Lorenzo de’ Medici Institute was named for Lorenzo the Magnificent, a ruler of Florence from the famous Medici family during the Renaissance era; also one of my historical heroes. Besides being a wise and cunning ruler, Lorenzo was also a great patron of the arts, and belonged to a group of people referred to as ‘humanists’: those leaders of the time who supported the ‘rebirth’ and flowering of art, literature, philosophy, religion, science, etc. after the Dark Ages.
And, like most of my heroes, Lorenzo was a skilled with horses and a brave in war.
Marry me, please.
I am moving into my second week of school, and as of my first glance, my classes are proving to be no less ‘Magnificent’ than their namesake.
History this semester is, not surprisingly, ‘The Rise and Fall of the Medici,’ following the family from the 15th to the 17th century. I’m stoked, to say the least. My professor, Romana Priessler, is tall and beautiful with a face of a carved marble Roman statue brought to life. She makes no expression while she speaks ever so slowly, except the faintest hint of a smile when she says:
‘My English is not so great, and you may correct me if you like. But I will correct you on Medici.’
(Italians draw out the first syllable: ‘MAY-de-chi.’)
My history class goes hand-in-hand with my art class, “The Built Environment of Florence.”
(Concordia said I need an art class to graduate anyway, so why not take it in Florence?)
This class, taught by Elisabetta Morici, will mostly cover architecture during the Renaissance period, although our first introductory class was mostly a lecture about the beginnings of the city. It was founded by the Romans and was called ‘Florentia,’ and was built in the valley near the Arno River, where it is today. The native and peace-loving Etruscans were forced up into the hills and settled there.
Florentia can still be seen today: our professor pulled up a map of modern Florence, showed us which roads were Roman, and pointed out where the forum and the amphitheater once stood. The roads still exist, cutting right angles through a city mostly comprised of curving, winding, narrow, crazy-Italian-driver-infested streets. The forum is now the Piazza dell’ Repubblica; I pass near it on my way to school each day. And the remains of the amphitheater can be seen in the steeply slanted road I hike up to get to class; my feet are passing over hundreds of seats now covered by paved roads.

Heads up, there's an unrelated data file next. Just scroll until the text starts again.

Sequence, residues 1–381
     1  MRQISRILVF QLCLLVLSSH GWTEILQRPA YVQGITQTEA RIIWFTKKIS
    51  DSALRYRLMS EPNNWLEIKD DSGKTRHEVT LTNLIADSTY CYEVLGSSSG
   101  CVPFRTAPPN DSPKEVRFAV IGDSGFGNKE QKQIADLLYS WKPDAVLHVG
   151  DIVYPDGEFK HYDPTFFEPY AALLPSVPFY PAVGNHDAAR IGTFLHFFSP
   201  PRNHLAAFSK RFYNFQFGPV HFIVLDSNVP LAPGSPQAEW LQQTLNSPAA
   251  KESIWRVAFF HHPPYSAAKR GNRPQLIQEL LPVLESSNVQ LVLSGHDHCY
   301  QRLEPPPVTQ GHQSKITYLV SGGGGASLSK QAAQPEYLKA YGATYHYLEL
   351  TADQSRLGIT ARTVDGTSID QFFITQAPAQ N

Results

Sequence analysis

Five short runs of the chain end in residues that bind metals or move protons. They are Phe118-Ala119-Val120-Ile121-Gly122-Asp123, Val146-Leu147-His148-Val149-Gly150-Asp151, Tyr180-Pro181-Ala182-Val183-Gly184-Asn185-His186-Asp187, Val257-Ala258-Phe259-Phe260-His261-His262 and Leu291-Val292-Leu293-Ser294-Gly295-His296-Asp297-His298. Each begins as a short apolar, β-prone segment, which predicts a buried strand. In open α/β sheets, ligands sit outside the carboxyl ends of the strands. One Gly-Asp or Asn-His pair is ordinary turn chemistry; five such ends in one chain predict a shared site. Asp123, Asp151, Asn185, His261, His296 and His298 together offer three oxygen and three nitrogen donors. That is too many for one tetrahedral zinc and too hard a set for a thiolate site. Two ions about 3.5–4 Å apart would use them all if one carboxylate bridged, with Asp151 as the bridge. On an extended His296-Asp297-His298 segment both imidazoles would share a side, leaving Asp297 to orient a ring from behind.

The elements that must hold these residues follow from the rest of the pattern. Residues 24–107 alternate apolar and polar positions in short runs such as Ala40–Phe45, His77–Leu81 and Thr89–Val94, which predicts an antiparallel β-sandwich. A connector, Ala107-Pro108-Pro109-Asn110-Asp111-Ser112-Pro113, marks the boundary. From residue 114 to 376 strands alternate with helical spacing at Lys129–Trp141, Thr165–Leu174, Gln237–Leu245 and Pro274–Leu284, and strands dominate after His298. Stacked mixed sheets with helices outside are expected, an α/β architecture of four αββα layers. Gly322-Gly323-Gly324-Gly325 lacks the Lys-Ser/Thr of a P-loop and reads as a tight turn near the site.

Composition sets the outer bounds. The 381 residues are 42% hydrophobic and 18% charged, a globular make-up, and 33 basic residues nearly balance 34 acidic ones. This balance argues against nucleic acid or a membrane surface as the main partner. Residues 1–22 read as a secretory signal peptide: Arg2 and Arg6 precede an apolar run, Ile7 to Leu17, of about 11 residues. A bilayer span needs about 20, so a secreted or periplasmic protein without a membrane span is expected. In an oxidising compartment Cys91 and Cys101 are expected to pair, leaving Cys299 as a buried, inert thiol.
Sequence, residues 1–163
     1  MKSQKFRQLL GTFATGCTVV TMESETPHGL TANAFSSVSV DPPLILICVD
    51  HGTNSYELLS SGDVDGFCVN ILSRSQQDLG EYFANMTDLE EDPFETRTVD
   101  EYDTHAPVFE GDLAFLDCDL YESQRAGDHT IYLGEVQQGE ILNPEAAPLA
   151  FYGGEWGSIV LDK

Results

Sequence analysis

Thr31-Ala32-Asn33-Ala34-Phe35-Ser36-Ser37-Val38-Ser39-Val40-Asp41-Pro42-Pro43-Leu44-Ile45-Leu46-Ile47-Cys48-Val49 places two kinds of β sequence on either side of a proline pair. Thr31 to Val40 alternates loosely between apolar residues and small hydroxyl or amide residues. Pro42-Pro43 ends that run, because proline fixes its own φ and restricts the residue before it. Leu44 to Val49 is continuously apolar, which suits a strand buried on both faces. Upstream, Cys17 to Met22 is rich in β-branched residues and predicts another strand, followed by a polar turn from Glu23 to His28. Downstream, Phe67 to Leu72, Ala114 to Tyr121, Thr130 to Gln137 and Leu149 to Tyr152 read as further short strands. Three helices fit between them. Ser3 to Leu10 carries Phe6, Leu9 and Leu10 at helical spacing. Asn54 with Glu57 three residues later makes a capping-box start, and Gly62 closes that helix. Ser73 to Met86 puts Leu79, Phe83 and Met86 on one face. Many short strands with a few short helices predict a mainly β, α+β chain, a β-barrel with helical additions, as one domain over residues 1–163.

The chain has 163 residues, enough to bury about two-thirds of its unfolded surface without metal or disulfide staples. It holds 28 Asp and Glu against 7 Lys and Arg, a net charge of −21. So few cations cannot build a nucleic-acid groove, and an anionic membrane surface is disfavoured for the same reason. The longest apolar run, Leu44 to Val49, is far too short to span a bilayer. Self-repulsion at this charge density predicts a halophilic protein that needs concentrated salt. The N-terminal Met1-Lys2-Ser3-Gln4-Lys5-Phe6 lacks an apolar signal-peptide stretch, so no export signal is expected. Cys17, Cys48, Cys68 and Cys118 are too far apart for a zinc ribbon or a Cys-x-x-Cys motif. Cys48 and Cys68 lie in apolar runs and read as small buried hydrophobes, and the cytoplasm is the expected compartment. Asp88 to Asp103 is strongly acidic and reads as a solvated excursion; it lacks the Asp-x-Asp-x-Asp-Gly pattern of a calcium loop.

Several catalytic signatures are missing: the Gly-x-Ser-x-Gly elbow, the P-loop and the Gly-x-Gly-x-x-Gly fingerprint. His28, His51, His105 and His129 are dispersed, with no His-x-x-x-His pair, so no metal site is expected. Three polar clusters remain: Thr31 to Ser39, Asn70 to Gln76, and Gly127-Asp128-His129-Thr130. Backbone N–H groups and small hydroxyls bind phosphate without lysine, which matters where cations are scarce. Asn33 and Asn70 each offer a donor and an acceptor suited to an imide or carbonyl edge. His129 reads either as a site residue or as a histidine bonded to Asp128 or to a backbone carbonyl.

With a half hour left of class, Professor Morici was teaching about the Byzantine walls and towers (over the years, Florence had seven different layers of protective walls built; these were the second set, built just after the fall of the Roman Empire).
In one fluid motion she shut down the computer and grabbed her small leather bag.
‘Let’s go look at them,’ she said.
With wide eyes, all 25 students stood and followed her silently as she led us outside, around the San Lorenzo church, through the Piazza dell’ Repubblica, and down a narrow alleyway.
This is why I am studying abroad, I thought. I peeked at the syllabus: almost every class period in this course will include some type of walking tour or museum/church visit.
Suddenly the street opened up to a small square where several couples were sitting down to lunch, and behind them stood the Torre della Pagliazza, now the Hotel Brunelleschi (rooms start at 950 euro per night–I checked).
There is a small museum in the basement of the original foundations of the tower, too small to take a class of 25. So I returned yesterday and went by myself.
Francecso Petrini is a character. (I’m giving their names mostly for my own benefit, I think–I love the way Italian names roll off my tongue…) Unlike Professor Priessler, Petrini moves his entire face, no, his entire body, when he lectures in class. His accent is quite thick, but it makes me pay attention. Between wild hand motions and the use of the chalkboard, I can usually figure out what he’s talking about.
He teaches my ‘Age of Heroes’ literature class, in which we will be studying Homer’s Iliad and Odyssey, and a little of Virgil’s Aeneid. I’ve read the lattermost in its entirety, and loved it, though I am ashamed as a history major to say I have never completely read the other two. But I will soon!
All of my professors, but Professor Petrini in particular, stress that they are not Catholic. For so many years, my education has been specifically Christian, and I have caught myself on more than one occasion assuming that is true for all education. I find it interesting that the professors still adhere to the religious principles of Catholicism, and Petrini even took a large chunk of our class period to make it clear he believed Jesus, whether God or not, was undoubtedly a historical figure. I suppose it is natural for the mind to seek some type of moral compass.
Ornella Pettini teaches my Italian Language class. After one week I can ask someone, ‘How do you say —– in Italian?’ And I can say ‘To be or not to be,’ mostly as a practice for Italian verbs. I don’t think Italians actually walk around saying that .
But I was proud of myself the other day when a random Alessandro sat down next to me outside the Tribunale while I was studying, and I was able to make minimal conversation with him about the weather and the day of the week.
I can also say ‘vino.’ That’s important.